I JAN IS PROMOTING A NATIONAL DAY OF ACTION FOR IMAM JAMIL ON SEPTEMBER 16th 2016. ON THAT DAY WE WOULD LIKE YOU TO PERFORM A PHYSICAL ACTION  AT YOUR PLACE OF WORSHIP, OR YOUR ORGANIZATION LOCATION IN RECOGNITION OF IMAM JAMIL. SUGGESTIONS TO YOUR ABILITY
1. ONE MINUTE OF SILENT PRAYAR
2. DISCUSS IMAM JAMIL’S MEDICAL AND LEGAL STATUS AND HIS CONTRLBUTION TO AMERICA WITH YOUR FAMILY OR GROUP.
3. CALL IN YOUR LOCAL RADIO STATION TO DISCUSS IMAM JAMIL
4. SEND A GET WELL CARD OR LETTER TO IMAM JAMIL.
5. HAVE A DINNER WITH PROCEEDS GOING TO IMAM JAMIL’S JUSTICE FUND.
6. HAVE A PANEL DISCUSSION ON HOW TO HELP IMAM JAMIL.
7. HAVE A RALLY OR DEMONSTRATION IN YOUR AREA TO FREE IMAM JAMIL.
IMAM JAMIL ABDULLAH AL-AMIN 99974-555
         FOR MORE INFO. USP TUCSON U.S. PENITENTIARY
                               CALL 678-499-8351 P.O. BOX 24550 TUCSON, AZ .85734

September 10, 2015 - Support Political Prisoner Jamil Abdullah Al-Amin

On September 3rd Jericho Amnesty Movement received a call from a Political Prisoner at USP Canaan concerning Imam Jamil Abdullah Al-Amin. Imam Jamil is in serious need of medical attention. His jaw is swollen to at least twice its normal size, and he is experiencing a lot of pain.
According to his family it is clear that he needed to remain in a medical facility. In addition to his having smoldering multiple myeloma, he has Sjogren’s syndrome, which is another auto immune condition.
The Imam’s family appreciates our continued support and dissemination of information. He has put in a request for a transfer to a warmer climate which he feels may help his condition. In addition, he hopes to be closer to his attorneys and family members.
His family is considering filing a legal action concerning his condition and lack of medical care, but in the meanwhile they ask that we continue to keep him in our discussions.
Please call or fax USP Caaan and ask, demand, that Imam Jamil be given immediate adequate medical attention.
Phone 570-488-8000
Fax 570-488-8130
Let them know you are concerned about Jamil Abdullah Al-Amin 99974-555
You can also write:
Jamil Abdullah Al-Amin
99974-555
USP Canaan
PO Box 300
Waymart, PA 18472

Urgent Call To Action - September 8, 2015

Taken From: Before It's News

http://beforeitsnews.com/african-american-news/2015/09/stop-the-execution-of-imam-jamil-the-former-h-rap-brown-by-medical-neglect-in-federal-prison-2455036.html

On Sept. 3, 2015, the Jericho Movement received an email from a political prisoner at U.S. Penitentiary Canaan, a high security prison in Waymart, Penn., concerning Imam Jamil. The sender said that the imam was in serious need of medical attention.
His jaw was swollen to at least twice its normal size, and he is in a lot of pain. We were told that the institution had been on lockdown for two weeks, which is why no word had gotten out earlier.
A family member was later able to speak with Imam Jamil and confirms the information. Someone from the Jericho Medical Committee will contact the prison clinical director to see what, if any, medical info can be gotten from the institution.
Please call or fax USP Canaan and ask – demand – that Imam Jamil be given immediate adequate medical attention. A more detailed statement will be forthcoming.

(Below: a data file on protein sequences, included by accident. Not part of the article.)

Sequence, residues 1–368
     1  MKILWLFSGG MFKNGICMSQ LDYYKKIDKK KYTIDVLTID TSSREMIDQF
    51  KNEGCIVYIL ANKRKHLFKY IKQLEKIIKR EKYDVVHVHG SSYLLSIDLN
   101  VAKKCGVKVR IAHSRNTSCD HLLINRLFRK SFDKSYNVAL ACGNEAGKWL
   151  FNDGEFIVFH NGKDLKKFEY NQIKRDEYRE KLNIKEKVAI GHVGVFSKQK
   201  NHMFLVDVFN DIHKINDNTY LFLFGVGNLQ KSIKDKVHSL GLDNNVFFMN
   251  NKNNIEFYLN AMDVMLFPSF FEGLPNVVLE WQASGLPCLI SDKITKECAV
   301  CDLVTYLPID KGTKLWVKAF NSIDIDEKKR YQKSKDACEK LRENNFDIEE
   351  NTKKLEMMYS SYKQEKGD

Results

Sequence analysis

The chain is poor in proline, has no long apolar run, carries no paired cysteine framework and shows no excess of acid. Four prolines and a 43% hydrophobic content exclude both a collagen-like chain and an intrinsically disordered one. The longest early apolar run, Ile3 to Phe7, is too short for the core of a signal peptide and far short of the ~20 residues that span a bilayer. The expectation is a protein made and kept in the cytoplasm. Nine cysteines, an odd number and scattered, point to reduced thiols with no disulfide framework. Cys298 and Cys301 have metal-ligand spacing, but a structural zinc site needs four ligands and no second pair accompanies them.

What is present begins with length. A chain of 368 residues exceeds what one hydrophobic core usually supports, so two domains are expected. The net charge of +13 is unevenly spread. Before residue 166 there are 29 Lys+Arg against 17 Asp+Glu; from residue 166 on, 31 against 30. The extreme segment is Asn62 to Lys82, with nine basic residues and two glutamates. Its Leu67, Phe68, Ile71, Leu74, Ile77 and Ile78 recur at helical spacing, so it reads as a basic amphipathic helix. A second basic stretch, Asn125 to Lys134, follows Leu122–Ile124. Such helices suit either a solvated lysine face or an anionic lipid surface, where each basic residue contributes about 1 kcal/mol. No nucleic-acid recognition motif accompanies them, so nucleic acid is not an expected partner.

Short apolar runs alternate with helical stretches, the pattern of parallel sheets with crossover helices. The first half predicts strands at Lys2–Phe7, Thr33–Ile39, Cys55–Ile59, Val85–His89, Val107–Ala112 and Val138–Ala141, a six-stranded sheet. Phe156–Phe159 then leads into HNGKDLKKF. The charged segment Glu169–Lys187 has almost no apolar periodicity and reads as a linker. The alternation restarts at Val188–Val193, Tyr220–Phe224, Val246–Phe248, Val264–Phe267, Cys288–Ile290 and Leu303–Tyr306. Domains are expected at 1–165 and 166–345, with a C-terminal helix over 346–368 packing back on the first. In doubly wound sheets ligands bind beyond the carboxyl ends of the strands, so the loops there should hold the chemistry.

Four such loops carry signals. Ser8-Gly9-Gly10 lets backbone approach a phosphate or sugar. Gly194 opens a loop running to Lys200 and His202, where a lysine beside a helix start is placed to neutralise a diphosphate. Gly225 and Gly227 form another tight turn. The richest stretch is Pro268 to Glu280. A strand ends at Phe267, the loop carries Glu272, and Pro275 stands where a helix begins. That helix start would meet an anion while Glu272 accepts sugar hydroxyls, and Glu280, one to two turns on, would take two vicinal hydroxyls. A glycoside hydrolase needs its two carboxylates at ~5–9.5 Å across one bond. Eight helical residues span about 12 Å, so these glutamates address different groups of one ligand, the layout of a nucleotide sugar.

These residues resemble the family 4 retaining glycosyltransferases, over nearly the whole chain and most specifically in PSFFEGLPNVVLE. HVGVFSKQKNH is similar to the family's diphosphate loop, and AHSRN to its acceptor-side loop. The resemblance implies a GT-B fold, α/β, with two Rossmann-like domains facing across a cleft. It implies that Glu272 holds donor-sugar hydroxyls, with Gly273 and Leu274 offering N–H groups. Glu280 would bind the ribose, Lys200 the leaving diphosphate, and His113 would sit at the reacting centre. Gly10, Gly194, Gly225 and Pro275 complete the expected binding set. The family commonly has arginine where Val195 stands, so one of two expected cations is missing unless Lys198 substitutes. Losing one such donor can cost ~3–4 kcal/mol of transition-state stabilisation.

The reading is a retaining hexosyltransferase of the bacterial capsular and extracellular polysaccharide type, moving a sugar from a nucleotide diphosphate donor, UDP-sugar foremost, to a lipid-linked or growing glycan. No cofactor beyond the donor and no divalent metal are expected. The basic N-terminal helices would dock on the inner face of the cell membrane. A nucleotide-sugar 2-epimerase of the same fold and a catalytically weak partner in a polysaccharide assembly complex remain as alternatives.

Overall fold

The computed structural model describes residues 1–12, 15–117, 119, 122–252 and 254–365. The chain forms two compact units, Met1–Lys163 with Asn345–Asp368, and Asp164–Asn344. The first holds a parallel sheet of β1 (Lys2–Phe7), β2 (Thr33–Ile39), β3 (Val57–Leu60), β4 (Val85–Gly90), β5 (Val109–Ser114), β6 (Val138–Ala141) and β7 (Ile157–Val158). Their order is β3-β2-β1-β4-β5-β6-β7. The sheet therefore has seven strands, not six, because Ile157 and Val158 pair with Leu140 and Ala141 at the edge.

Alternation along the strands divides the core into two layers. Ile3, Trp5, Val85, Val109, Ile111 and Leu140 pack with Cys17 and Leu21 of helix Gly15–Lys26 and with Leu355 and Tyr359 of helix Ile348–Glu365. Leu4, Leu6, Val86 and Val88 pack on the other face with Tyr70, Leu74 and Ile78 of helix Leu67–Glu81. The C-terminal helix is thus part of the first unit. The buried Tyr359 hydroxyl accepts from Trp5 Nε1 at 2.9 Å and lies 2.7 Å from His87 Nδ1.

The phone number is 570-488-8000; the fax number is 570-488-8130. Let them know you are concerned about Jamil Abdullah Al-Amin, No. 99974-555.
Please call or fax USP Canaan and ask – demand – that Imam Jamil be given immediate adequate medical attention. The phone number is 570-488-8000; the fax number is 570-488-8130. Let them know you are concerned about Jamil Abdullah Al-Amin, No. 99974-555.
For those who want to write the imam, the address is: Jamil Abdullah Al-Amin, 99974-555, USP Canaan, P.O. Box 300, Waymart, PA 18472. You may not get an immediate response from him, but we know all cards and letters are appreciated.
The Imam Jamil Action Network (IJAN) urges all to support this effort to gain relief and to demand the release from the unjust imprisonment of our righteous brother. We must stop this “execution by medical neglect.”
Visit the Imam Jamil Action Network, whose mission is “Working to Free Imam Jamil Al-Amin,” atimamjamilactionnetwork.weebly.com.
Special Greetings to Supporters:

We reported that on Monday, October 6, 2014, Imam Jamil had been moved to Canaan USP, in Waymart, PA. We can report today that he is in general population. 

Our voices were heard that he should not be placed again in solitary confinement--a custody placement that never was warranted by the Bureau of Prisons. 

We thank you again for joining us in the campaign that made this possible. We will continue to monitor Imam Jamil's health conditions, and to work for his freedom to bring him home. We certainly will keep everyone informed.

Karima Al-Amin 

Jamil Abdullah Al-Amin, #99974-555
USP Canaan U.S. Penitentiary
P.O. Box 300
Waymart, PA 18472

October 7, 2014: Imam Jamil Al-Amin Has Been Moved

Imam Jamil Al-Amin, is listed on the Federal Bureau of Prisons Website, this morning at Canaan USP, in Waymart, Pennsylvania which is a high security prison which is 20 miles east of Scranton.

Imam Jamil was transported on September 25, 2014

Update: From Attorney Al-Amin. Imam Jamil's Wife. 

 Greetings,

 Imam Jamil Al-Amin was transported yesterday, September 25, 2014, from the Butner FMC to the Oklahoma City Federal Transfer Center. We will continue to check the online federal inmate search to determine his next location, and will have another message once we speak to him. Again, we thank you for your support.

 Karima Al-Amin